Post-bailout Wall Streeters: As entitled and whiney as Saddam’s Baathists
This American Life, the National Public Radio show that documents contemporary U.S. realities through personal stories, gave us an episode on whiners Friday. Slate conservative politics reporter and former Washington Independent writer Dave Weigel talks about Christine O’Donnell, the anti-masturbation Tea Party candidate for U.S. Senate in Delaware. She turned media reporting on her sketchy campaign financial management record into windfall donations by whining that the media was trading in personal attacks on her because she’s a Christian. Ka-ching!
Better even is the next segment, in which Planet Money economics correspondent Adam Davidson talks about entitled Wall Street culture, where the country’s bailout bonus kings weep and moan about what the government has done to them.
Davidson is no socialist but he has been around. He has spent time reporting from Iraq and from Haiti. People who lost everything and who are living in tent cities in Port-au-Prince whine less than these guys, he says. The Wall Streeters remind him most of the high-level self-pitying Baathists of the Saddam Hussein regime he met and whom he says lived high on the back of the people for decades and can’t believe their misfortune now that their great run at the trough has ended.
“It feels very similar when I’m talking to people on Wall Street, this self pity combined with a total lack of self reflection about how they had been such massive beneficiaries of a system that ended up being so bad for the country…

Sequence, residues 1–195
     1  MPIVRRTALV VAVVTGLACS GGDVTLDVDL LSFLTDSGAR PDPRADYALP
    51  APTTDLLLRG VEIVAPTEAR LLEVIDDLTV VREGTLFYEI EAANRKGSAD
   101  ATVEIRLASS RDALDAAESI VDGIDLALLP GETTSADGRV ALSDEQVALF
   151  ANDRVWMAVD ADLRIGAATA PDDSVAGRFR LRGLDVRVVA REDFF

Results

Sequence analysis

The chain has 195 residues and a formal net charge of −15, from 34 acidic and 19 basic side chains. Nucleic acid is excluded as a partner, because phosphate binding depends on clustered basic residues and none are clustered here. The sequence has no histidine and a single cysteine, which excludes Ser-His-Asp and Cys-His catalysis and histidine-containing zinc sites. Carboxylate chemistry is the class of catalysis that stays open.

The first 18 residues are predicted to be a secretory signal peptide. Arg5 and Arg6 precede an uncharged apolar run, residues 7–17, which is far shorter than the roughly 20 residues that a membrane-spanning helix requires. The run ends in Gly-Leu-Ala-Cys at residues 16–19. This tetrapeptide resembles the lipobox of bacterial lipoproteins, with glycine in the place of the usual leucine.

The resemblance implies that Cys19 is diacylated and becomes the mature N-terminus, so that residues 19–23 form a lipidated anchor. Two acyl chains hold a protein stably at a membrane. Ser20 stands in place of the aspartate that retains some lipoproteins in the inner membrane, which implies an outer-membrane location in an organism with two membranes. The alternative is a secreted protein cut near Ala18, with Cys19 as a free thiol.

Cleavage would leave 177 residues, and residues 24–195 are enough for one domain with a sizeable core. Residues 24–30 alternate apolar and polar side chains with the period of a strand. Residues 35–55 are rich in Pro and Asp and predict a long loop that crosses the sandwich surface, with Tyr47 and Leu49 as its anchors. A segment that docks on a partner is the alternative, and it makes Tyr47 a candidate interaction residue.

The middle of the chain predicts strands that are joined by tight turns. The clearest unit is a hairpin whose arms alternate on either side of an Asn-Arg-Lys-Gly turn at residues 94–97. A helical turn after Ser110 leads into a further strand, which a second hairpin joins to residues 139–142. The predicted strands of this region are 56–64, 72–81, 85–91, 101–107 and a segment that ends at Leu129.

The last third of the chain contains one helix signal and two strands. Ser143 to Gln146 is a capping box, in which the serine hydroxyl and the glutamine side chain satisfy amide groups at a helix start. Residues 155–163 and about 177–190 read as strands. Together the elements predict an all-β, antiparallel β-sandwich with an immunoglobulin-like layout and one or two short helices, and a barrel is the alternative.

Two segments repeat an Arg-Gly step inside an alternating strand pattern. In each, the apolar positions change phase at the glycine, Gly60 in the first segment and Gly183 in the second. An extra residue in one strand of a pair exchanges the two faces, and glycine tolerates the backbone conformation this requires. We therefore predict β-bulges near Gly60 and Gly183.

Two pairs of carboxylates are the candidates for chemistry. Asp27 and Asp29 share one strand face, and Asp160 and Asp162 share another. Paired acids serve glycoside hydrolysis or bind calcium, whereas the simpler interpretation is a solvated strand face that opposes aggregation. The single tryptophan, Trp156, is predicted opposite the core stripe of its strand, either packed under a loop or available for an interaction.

“You know almost every big bank you can name, with the possible exception pf J.P. Morgan Chase, would not exist today, would have failed, if it wasn’t for the government. They are growing quickly and making record profits, huge bonuses. By some counts, this year will be the biggest bonus year on Wall Street, and last year was bigger than any year before…
Their businesses failed and something that they always say that they’re against, government intervention, rescued them, made them get the opposite of what you’re supposed to get in the capitalist economy: rewarded instead of punished for bad risk management. Instead, I can not think of a single thing I’ve heard in the media or that I have directly heard that expresses any– any– gratitude.”
Davidson meets some Wall Street guys at the Pound and Pence bar across from the Federal Reserve for a drink and to talk about the bailout. Upshot: Taxpayers will never be thanked by the smartest guys in the room. It doesn’t work like that.
Weigel segment is 6 minutes. The Wall Street is 14 minutes. Turn off your phone and refill your coffee. It’s worth it.
[Image: Stephen Schwarzman, head of the major bailout baby the Blackstone Group ]